Getting Back on The Right Path

by Joe Scarborough
New book puts Ronald Reagan’s legacy in context.

“As an individual you incarnate American ideals at many levels. As the final responsible authority, in any hour of great challenge, we depend on you.”

 — William F. Buckley Jr., to President Reagan, 1985

“Let us be sure that those who come after will say of us in our time, that in our time we did everything that could be done. We finished the race; we kept them free; we kept the faith.”

 — Ronald Reagan, 1984 State of the Union address

You could not then — or now — buy the kind of coverage Time magazine gave Ronald Reagan in midsummer 1986. The cover featured a portrait of Reagan with the question, “Why Is This Man So Popular?” Inside, beneath the headline “Yankee Doodle Magic,” Lance Morrow wrote:

Ronald Reagan has found the American sweet spot. The white ball sails into the sparkling air in a high parabola and vanishes over the fence, again. The 75-year-old man is hitting home runs. Winning a lopsided vote on a tax-reform plan that others had airily dismissed. Turning Congress around on the contras. Preparing to stand with a revitalized Miss Liberty on the Fourth of July. He grins his boyish grin and bobs his head in the way he has and trots around the bases.

Reagan inhabits his moment in America with a triumphant (some might say careless or even callous) ease that is astonishing and even mysterious. . . . He is a Prospero of American memories, a magician who carries a bright, ideal America like a holograph in his mind and projects its image in the air. . . . Reagan, master illusionist, is himself a kind of American dream. Looking at his genial, crinkly face prompts a sense of wonder: How does he pull it off?

His barber, Milton Pitts, reports that when Ronald Reagan took office his hair was about 25% gray. It is now 30% gray. The President has added a second hearing aid in the past year or so. He uses three combinations for his eyes: hard contact lenses for normal activities, half glasses over the contacts for reading, and a single contact lens (left eye) for giving speeches on podiums where he needs to focus on the audience and the TelePrompTer at the same time. Reagan still has his suits made with buttons on the flies. He refuses to wear makeup for television. He pumps iron every day. He rides a horse when he can. His favorite story is his old surreal barnyard parable regarding optimism — about the boy who finds a pile of horse manure in a room and cries excitedly, “I just know there’s a pony in here somewhere.”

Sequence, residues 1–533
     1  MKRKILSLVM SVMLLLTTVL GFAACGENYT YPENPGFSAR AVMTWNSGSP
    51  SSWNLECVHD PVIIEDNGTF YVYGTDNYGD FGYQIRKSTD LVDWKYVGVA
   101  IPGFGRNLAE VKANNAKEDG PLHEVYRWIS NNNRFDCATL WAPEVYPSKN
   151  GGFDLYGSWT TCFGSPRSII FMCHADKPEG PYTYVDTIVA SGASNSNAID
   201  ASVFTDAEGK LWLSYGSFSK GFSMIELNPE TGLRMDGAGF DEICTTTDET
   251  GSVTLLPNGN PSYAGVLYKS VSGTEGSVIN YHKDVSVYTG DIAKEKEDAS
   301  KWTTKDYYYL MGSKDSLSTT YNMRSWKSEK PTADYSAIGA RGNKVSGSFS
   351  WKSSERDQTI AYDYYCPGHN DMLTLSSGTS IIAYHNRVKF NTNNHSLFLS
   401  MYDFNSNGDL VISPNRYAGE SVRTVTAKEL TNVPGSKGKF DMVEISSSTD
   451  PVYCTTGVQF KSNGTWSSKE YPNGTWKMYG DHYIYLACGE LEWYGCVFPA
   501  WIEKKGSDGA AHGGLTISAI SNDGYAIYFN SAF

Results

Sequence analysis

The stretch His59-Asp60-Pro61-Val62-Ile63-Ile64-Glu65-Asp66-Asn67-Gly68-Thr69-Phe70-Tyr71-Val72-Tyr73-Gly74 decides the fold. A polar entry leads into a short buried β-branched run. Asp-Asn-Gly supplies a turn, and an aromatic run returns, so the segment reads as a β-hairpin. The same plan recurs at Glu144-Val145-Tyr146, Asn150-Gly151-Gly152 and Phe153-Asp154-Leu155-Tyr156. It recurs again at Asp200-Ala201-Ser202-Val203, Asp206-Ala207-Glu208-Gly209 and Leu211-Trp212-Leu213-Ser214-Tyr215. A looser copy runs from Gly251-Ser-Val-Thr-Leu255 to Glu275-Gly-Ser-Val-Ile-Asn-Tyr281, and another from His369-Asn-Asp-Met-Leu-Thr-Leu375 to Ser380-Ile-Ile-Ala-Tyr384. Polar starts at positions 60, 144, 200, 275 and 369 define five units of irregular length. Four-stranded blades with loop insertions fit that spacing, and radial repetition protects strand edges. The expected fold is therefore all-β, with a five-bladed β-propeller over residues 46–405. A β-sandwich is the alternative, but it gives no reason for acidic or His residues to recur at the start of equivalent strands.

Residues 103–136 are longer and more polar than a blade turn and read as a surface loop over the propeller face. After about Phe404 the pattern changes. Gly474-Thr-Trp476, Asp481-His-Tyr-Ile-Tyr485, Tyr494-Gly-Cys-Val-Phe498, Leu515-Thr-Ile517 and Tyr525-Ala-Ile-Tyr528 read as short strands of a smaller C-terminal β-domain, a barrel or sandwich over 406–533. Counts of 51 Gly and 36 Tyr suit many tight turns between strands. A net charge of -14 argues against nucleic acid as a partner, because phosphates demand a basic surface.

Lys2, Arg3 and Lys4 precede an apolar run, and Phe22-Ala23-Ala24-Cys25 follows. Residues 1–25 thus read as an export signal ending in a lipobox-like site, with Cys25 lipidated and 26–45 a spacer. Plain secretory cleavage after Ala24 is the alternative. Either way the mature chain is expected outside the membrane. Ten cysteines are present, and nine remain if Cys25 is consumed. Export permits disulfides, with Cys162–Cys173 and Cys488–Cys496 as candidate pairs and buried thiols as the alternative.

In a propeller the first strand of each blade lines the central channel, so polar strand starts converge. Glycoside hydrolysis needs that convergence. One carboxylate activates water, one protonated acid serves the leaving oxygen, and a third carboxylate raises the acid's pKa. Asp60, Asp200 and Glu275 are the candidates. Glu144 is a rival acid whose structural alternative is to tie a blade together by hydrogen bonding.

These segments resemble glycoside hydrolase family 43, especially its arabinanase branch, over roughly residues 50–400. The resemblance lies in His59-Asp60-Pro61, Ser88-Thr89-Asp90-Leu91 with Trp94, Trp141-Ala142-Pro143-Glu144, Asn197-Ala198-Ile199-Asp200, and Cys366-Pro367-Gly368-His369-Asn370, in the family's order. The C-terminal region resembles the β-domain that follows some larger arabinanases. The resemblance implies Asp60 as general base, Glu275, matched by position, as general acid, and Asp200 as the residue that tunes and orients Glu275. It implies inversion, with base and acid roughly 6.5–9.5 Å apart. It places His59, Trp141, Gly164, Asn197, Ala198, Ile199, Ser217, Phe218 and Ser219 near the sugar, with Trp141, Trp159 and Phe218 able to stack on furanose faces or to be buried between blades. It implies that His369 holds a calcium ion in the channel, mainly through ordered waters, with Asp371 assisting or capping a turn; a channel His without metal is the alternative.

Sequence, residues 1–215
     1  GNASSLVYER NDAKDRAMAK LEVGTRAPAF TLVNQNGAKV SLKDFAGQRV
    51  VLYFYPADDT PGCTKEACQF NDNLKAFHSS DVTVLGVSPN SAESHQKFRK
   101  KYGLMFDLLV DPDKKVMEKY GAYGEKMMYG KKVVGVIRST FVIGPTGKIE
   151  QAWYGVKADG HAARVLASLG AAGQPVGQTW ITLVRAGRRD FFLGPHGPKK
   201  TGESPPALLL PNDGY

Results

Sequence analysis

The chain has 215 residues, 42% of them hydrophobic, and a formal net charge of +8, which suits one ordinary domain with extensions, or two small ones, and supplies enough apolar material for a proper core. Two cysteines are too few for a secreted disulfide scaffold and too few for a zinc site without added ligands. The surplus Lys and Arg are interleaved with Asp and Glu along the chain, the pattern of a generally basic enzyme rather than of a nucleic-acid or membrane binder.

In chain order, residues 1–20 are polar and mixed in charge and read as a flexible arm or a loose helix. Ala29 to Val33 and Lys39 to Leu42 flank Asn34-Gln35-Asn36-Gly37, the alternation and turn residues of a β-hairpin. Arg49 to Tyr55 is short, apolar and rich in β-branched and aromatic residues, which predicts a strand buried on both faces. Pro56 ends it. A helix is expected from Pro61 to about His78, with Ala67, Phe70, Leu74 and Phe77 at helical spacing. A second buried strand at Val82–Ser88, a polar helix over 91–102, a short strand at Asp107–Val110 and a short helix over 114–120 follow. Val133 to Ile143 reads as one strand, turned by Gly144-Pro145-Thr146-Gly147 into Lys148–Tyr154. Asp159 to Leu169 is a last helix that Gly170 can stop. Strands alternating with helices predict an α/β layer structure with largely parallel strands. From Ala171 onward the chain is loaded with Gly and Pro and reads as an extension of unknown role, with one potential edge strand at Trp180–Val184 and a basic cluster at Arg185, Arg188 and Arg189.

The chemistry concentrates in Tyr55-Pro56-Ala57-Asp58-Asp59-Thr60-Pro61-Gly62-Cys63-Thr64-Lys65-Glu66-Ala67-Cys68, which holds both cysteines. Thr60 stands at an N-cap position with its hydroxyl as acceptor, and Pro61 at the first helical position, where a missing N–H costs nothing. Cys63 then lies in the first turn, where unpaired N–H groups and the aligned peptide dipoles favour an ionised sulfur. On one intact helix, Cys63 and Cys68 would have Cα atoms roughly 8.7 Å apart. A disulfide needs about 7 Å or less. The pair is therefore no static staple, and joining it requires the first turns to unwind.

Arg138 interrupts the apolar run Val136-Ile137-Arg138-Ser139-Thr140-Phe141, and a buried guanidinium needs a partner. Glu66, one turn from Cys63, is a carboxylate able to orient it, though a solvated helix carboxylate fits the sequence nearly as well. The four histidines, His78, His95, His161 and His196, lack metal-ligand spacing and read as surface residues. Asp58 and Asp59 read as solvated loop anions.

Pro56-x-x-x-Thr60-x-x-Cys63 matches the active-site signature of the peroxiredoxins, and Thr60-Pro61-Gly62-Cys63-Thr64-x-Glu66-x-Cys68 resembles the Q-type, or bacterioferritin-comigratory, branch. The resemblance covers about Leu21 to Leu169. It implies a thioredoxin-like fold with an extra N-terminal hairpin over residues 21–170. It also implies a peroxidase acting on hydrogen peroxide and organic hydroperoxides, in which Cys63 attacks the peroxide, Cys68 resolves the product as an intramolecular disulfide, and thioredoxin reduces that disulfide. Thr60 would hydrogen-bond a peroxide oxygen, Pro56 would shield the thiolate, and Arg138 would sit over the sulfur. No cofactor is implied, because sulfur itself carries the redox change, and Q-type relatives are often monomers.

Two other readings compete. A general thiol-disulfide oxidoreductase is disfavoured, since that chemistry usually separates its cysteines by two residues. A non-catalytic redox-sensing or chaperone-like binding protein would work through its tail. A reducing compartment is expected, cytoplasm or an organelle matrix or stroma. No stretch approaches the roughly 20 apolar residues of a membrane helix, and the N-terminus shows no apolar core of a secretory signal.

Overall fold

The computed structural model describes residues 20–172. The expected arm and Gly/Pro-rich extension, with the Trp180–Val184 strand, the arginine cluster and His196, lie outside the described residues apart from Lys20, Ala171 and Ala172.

The septuagenarian in the White House is not necessarily getting any younger. On the other hand, he does not seem to be getting any older. His suit size has been the same for years — 42 — and so have the ideological furnishings of his mind. His principles give him a certain serenity, and possibly the luck that comes to the optimist. Reagan keeps finding the pony. He proceeds, amiably and formidably, from success to success. His life is a sort of fairy tale of American power. The business of magic is sleight of hand: now you see it, now you don’t. Ronald Reagan is a sort of masterpiece of American magic — apparently one of the simplest, most uncomplicated creatures alive, and yet a character of rich meanings, of complexities that connect him with the myths and powers of his country in an unprecedented way.

Time reported another critical fact about Reagan’s America: In a startling reversal from the 1960s, young people identified more with the aging Republican president than with the Democrats. “A White House survey for May,” the magazine said, “showed that 82% of registered voters age 24 and under approved of Reagan. Says Presidential Pollster Richard Wirthlin: ‘This is an age cohort that has known only two Presidents.’ The binary vision of the young: in their memories, Carter meant failure, Reagan means success.”